By Mike Bennighof, Ph.D.
Like their Italian rivals, the French army
and navy each operated a small number of semi-rigid
airships immediately before the First World
War. During the course of the war the French
Navy comiisioned a total of 37 small semi-rigids,
using them mostly for anti-submarine duty
and convoy escort in coastal zones.
The most famous French airship wasn’t
of French origin at all, but a German zeppelin
seized at the end of the First World War.
Dixmude, as she was re-named, plays
a role in our upcoming Great
War at Sea: U.S. Navy Plan Gold.
At the end of the Great War, the Treaty of
Versailles demanded that Germany hand over
her fleet of airships, to be divided between
the victorious Allies. Inspired by the scuttling
of the High Seas Fleet in June 1919, vindictive
German airshipmen wrecked most of the machines,
leaving only 11 intact airships for their
enemies. France received three of these: the
commercial zeppelin Nordstern (which
had never been a military asset), the new
naval airship L.72 and the German Army’s
Dixmude over her French base.
Nordstern, re-named Mediterranée,
undertook a number of propaganda flights
and trained some French naval airship crews.
The French Army took over LZ.113, but never
flew the obsolete airship. She was subjected
to ground testing with an eye toward improving
Dixmude and gaining knowledge for a
future series of French-built rigid airships.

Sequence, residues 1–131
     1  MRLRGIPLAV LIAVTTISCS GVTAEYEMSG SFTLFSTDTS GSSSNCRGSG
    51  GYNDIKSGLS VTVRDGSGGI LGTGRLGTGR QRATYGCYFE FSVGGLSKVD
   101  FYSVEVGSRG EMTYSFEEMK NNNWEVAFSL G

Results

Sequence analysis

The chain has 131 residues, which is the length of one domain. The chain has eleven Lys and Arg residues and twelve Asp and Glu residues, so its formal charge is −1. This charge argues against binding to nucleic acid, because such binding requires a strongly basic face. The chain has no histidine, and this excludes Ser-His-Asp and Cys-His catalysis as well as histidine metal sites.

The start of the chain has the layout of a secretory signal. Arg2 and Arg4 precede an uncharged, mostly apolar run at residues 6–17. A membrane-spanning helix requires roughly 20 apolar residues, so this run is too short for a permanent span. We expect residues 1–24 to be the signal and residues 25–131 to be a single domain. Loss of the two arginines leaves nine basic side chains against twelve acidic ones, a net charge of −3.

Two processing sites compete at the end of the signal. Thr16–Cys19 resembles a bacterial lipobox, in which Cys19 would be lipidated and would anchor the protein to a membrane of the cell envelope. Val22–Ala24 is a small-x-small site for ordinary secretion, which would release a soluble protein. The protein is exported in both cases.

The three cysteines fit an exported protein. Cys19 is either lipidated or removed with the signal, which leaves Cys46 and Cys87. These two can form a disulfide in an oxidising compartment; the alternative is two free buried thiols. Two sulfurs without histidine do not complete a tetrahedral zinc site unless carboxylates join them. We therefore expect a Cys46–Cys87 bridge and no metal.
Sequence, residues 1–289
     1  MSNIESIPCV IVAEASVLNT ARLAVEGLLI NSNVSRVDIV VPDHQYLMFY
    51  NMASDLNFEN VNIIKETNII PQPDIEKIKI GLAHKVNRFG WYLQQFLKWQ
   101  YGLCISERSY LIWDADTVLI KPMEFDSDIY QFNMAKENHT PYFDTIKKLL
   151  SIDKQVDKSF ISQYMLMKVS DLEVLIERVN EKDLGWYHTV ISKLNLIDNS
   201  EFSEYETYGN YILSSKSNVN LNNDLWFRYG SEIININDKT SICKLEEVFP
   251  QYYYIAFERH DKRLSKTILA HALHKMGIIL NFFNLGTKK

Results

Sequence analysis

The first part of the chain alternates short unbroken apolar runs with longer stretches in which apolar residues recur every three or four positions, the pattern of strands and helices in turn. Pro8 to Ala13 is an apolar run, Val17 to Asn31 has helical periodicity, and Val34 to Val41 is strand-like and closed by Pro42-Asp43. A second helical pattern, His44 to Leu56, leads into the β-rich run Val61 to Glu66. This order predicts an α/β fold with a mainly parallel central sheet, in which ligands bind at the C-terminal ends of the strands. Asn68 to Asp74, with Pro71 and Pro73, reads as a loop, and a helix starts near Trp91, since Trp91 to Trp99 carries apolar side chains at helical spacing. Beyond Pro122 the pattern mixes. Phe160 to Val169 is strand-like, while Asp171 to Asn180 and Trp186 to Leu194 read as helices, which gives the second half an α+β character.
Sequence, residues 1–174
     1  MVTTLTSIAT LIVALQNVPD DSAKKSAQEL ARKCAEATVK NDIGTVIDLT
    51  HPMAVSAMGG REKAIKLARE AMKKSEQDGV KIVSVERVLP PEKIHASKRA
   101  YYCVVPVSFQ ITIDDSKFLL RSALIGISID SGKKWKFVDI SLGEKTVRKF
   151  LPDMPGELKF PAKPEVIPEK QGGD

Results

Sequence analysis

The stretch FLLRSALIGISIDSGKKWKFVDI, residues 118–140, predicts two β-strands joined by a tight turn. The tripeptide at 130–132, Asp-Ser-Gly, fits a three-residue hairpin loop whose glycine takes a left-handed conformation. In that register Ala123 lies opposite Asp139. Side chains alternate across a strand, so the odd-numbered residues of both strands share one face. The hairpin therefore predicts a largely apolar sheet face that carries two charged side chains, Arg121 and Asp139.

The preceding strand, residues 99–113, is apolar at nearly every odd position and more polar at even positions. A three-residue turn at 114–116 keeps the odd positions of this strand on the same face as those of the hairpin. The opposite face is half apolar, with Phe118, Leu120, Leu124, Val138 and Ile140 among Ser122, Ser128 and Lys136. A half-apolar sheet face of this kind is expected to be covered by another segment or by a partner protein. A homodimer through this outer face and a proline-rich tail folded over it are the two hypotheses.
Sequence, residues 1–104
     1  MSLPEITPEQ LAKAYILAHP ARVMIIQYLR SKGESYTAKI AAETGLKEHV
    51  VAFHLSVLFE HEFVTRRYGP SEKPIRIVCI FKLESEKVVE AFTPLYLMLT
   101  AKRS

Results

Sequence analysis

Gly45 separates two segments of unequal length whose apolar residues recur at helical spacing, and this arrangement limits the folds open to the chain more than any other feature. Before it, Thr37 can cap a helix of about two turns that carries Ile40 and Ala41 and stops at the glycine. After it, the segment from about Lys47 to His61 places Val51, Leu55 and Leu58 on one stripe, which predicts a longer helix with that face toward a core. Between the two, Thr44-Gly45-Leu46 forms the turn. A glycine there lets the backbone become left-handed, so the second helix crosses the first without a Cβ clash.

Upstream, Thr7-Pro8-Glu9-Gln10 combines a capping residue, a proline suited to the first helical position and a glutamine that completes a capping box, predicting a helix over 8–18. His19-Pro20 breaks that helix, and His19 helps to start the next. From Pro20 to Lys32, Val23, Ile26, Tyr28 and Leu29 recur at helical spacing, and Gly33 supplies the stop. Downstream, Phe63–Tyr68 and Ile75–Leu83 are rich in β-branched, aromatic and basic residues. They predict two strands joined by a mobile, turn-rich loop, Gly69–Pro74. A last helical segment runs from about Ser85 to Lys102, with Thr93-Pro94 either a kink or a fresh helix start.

Under German colors, L.72 never flew a mission.
She was scheduled for delivery in October
1918, but an Admiralty conference in September
had directed design revisions. The airship
would be lengthened to accomodate one more
gas cell and modified to operate on one fewer
engine. These changes would give her a ceiling
of over 26,000 feet.
Reconstruction began at the Zeppelin Works
in Friedrichshafen, and L.72 was ready for
trials on 9 November when the revolutionary
Sailor’s Council ordered all airships
deflated and hung up in their sheds (German
airships were usually kept inflated at all
times, so that positive gas pressure would
maintain the purity oftheir hydrogen and avoid
explosions). The Allied Armistice Commission
found her in good condition during a December
inspection. During the Versailles negotiations
the German team argued that, as the Navy had
not accepted her she remained the private
property of the Zeppelin Company, but this
gambit predicatably failed.
Unlike most other former German airships,
L.72 was handed over in what the French described
as “perfect condition” on 9 July
1920. On the 13th the French Navy christened
her Dixmude, in honor of the heroic stand
by the French Navy’s Fusiliers Marins
brigade at the Belgian village of that name
in October 1914.
And then, after a slow, careful flight to
Maubeuge and on to the French airship base
at Cuers-Pierrefeu by way of Paris, Dixmude
did . . . nothing. Her new commander,
Lt. Cdr. Jean du Plessis de Grenédan,
wrote operator’s manuals for all the
ship’s stations. Slowly, workers made
modifications and painted her in French colors.
They rebuilt her frame to French standards
and, probably fearing undetected sabotage,
removed her gas bags but could not manufacture
acceptable replacements. Embarrassed, the
naval staff recommended scrapping the airship,
but Du Plessis convinced the Navy to buy new
gas bags from the Zeppelin Works. The German
firm, having been ordered destroyed at French
insistence, took their time delivering the
Dixmude in her hangar, where